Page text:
On this day in 1976, Lindiwe Nonceba Sisulu was detained for her involvement in political activities. The police suspected her of being in possessions of the then-banned African National Congress funds.
Lindiwe Sisulu was born on 10 May, 1954 to African National Congress veterans, Walter and Albertina Sisulu.
She was held without trial under Section 6 of the notorious Terrorism Act and spent 11 months in detention.
“At first it was not so bad. Even after a session of interrogation and torture, you knew you could return to your cell and talk to the others through the wall and be comforted.”
However, things changed. Lindiwe, like other political prisoners, was exposed to various forms of torture, mainly electric shock.
“They tied my hands behind my back and applied various gadgets which produced an intense shock. "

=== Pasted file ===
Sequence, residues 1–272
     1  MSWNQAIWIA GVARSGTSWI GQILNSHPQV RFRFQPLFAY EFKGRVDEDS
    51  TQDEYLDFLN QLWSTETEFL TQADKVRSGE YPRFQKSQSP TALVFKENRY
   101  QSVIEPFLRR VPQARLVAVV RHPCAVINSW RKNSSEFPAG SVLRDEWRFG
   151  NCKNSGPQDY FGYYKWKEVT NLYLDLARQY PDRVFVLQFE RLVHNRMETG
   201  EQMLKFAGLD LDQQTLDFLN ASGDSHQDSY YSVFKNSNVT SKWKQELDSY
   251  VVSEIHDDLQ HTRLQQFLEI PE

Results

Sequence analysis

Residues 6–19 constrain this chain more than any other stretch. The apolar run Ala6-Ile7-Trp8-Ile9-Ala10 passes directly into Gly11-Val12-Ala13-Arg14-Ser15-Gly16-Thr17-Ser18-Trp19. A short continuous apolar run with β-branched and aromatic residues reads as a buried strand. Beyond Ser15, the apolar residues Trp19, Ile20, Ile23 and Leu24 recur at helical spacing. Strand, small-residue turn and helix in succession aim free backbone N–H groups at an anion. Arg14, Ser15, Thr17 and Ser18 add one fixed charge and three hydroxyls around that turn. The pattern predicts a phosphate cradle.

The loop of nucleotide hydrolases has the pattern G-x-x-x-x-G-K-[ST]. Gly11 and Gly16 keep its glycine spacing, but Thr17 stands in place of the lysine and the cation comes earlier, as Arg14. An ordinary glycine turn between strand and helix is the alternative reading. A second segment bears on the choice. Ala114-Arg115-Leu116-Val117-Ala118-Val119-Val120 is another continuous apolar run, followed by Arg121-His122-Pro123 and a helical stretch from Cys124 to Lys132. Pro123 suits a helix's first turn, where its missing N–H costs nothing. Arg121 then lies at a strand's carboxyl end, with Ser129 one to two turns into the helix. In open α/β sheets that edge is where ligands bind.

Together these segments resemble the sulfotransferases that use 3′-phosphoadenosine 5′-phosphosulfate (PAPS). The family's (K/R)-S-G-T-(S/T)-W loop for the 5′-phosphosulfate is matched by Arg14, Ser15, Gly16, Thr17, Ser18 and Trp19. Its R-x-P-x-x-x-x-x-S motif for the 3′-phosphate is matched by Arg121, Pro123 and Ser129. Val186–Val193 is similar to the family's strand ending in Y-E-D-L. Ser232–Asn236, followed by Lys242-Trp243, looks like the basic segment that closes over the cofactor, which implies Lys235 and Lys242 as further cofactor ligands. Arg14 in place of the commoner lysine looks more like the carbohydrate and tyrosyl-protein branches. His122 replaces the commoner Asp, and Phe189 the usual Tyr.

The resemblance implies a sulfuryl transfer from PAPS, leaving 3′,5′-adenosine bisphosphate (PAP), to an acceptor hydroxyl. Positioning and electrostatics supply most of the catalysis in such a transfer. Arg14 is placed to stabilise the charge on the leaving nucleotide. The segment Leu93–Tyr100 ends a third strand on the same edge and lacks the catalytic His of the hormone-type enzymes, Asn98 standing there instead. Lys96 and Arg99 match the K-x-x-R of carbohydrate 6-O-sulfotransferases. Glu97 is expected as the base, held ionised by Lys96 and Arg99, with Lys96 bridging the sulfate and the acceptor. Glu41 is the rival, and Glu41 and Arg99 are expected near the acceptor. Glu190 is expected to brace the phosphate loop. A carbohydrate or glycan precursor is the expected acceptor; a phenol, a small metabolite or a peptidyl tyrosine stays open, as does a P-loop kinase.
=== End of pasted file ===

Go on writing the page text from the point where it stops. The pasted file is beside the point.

She added that they would even make her sit down while administering the shock, and that hurt even more.
Upon her release, she joined Umkhonto we Sizwe (MK) while in exile and later underwent military training.
She returned to the country in 1990 just after the unbanning of the ANC and became a personal assistant to Jacob Zuma in the ANC's intelligence services. Sisulu worked as an administrator in the ANC’s Department of Intelligence and Security.
She was first given an appointment in the government as deputy-minister of home affairs in 1996, serving through 2001.
The 65-year-old is currently a member of the ANC NEC and has been serving as Minister of Human Settlements, Water and Sanitation since May this year.
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